In June, Credit Agricole raised ¥203.9bn in the biggest offering of Samurai bonds on record from a European bank. The five-tranche issue, split between preferred and non-preferred senior notes, is also the fifth largest in the history of the Samurai market.
BPCE printed the first retail sale of senior non-preferred Samurai bonds on July 7, just a week after the lender sold ¥58.1bn of senior preferred bonds to institutional investors at maturities of five, seven, 10 and 15 years.
Guild said: “It’s inevitable that more banks will look to Japan to fund TLAC needs because the yen market is still a great source of diversification. While the yen funds may have half an eye on the international market, they are really focused on yen-denominated alternatives, and therefore there is limited contamination into the international markets. The investor base for TLAC bonds in Japan has also been growing.”
Foreign banks have been generally more active than corporates in the Samurai market because they are more frequent issuers per se, with many having well-established programmes.
“Starting a Samurai programme can be quite onerous in terms of documentation,” said one senior syndicate source. “Japanese investors have a preference for the Samurai format over a Global yen programme, and because financials have so much issuance to do, then it is worth their while going through the process to establish a Samurai programme.”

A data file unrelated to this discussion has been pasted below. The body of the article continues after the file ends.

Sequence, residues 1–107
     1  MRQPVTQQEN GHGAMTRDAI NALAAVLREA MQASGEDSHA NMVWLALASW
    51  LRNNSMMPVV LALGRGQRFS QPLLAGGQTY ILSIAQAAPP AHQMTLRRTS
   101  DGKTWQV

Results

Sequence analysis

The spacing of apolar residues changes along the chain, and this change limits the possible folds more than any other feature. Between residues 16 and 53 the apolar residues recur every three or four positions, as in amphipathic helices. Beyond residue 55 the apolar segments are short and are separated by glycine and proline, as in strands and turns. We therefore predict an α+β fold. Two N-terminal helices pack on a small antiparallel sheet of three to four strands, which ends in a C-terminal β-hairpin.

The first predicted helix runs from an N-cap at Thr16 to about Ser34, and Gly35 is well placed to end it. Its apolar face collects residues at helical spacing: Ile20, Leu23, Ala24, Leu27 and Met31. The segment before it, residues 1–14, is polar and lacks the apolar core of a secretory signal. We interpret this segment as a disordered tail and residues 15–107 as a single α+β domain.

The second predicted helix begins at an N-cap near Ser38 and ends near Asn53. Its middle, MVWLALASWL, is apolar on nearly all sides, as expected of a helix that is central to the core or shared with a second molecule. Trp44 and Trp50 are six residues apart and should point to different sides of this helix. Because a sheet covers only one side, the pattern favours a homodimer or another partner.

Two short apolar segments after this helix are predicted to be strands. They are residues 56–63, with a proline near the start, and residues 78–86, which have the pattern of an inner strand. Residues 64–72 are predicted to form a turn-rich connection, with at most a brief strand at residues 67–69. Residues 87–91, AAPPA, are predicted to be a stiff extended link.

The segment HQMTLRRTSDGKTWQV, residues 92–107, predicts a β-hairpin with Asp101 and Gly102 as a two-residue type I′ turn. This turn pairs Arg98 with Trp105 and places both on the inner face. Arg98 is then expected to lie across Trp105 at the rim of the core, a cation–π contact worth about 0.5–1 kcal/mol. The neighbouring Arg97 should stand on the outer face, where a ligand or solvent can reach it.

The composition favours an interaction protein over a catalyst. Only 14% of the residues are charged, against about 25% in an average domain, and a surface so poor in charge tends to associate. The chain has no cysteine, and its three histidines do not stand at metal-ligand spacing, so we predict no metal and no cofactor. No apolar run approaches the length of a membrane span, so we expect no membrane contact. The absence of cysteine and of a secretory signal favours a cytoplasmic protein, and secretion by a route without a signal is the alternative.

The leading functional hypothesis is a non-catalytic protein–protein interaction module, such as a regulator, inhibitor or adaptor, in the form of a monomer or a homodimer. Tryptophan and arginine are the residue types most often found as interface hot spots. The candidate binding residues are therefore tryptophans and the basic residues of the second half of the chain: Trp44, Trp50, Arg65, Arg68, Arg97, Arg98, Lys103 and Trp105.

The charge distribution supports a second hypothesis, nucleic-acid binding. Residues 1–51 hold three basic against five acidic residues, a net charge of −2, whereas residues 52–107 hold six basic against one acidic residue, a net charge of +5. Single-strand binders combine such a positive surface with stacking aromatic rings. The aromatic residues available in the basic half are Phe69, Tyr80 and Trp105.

The yen market will not suit the corporate finance needs of every treasury department, and particularly not those with no operations to fund. But the recent flurry of Global yen issuance by foreign corporates could encourage other names to diversify, especially if political volatility continues to spill over into international capital markets.
The Japanese market tends to be more stable than US and European market when reacting to event risk.
“In the past when we’ve seen fairly volatile international markets, Japan has provided a reasonably solid, stable, alternative source of funds,” said Anthony Barklam head of DCM at MUFG.
“We’re encouraging those that have an interest in diversifying away from the US and Europe to take advantage of the current resurgent bid from the Japanese domestic investor base and place down a marker.”